Rehab Exit Interview: Sarah Howell


1. Briefly describe your experience at comic artist rehab:

Tough but good. It would of been even harder if I hadn’t decided to serialise a story I had already sketched out, but as it was is was hard making myself sit down and do the work, particularly the first 4 installments. After that for some reason it was easier. The first half I keep on getting caught out by the fourth day, but later it was becoming more of a habit and I’d be a bit more forward thinking about other commitments that might interfere.

2. What, if anything, did you learn from the program?

Just sit down and do the work. I know this theoretically and I do it in other areas of my life, but actually pushing through with Comics Rehab has given me an example of actually achieving that persistance with my comics that I can refer to and say “see it works”.

3. Which one of your own comics are you most pleased with and why?

The fifth one (Day Nineteen), not because the art work is any better or worse but because this was the first appearance of the bunny character and the story shifts at this point, picks up pace.

4. Which one of your own comics are you least pleased with and why?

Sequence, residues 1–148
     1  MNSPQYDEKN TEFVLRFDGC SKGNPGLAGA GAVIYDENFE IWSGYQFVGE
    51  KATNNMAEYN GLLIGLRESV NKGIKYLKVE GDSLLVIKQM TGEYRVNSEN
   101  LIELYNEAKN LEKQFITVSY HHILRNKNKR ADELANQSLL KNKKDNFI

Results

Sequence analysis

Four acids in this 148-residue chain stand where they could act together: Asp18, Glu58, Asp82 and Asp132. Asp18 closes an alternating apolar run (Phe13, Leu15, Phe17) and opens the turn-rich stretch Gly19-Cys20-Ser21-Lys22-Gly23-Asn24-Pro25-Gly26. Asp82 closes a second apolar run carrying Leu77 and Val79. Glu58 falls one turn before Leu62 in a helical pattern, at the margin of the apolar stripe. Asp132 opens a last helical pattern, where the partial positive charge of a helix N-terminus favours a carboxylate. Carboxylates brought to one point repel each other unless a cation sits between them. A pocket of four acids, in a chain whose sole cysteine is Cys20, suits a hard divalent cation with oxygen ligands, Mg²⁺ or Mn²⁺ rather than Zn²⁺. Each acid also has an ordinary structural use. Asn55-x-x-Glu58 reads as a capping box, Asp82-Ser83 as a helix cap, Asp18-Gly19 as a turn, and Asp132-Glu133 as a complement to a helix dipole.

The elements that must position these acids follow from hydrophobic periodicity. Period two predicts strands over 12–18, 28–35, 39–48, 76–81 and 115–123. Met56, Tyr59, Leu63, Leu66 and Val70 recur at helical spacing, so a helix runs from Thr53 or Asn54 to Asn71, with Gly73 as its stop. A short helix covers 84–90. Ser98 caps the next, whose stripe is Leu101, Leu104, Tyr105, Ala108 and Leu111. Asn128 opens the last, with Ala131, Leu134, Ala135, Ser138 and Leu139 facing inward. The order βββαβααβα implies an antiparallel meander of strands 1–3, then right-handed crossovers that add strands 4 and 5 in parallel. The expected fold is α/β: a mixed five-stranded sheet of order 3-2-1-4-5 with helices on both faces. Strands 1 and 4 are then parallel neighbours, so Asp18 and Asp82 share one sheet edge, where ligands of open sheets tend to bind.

The third one (Day Eleven) was the most rushed, but it still worked ok, so it was a lesson to not be so anal.

5. Do you hope to keep up drawing comics after rehab? If so, how often.

I drew comic journal entries on average once week before Comics Rehab, but Comics Rehab has definitely made me think about doing work that is more polished than my journal work and it has also got me thinking about webcomics. I’m going to go back to the notes I made in the lead up to Comics Rehab and see if there are any ideas that I chickened out on that would work as another series for my own blog.

6. Any suggestions for future rounds?

This round was a big learning curve I think for everyone involved, the mid-round slump was devastating to witness, but made everyone’s return to form even more triumphant. The fact that all of us recovered from our stumble is credit to how Comic Artist Rehab works and the thought Amber has put into it. It will be interesting to see what effect the face-to-face drawing session mid-round in february has on the process.

That was a very roundabout way of saying it works and i don’t think it needs any messing with.

Thank you Ross, John, Miss Helen, Amber and everyone who left comments! Thank you Comic Artist Rehab.



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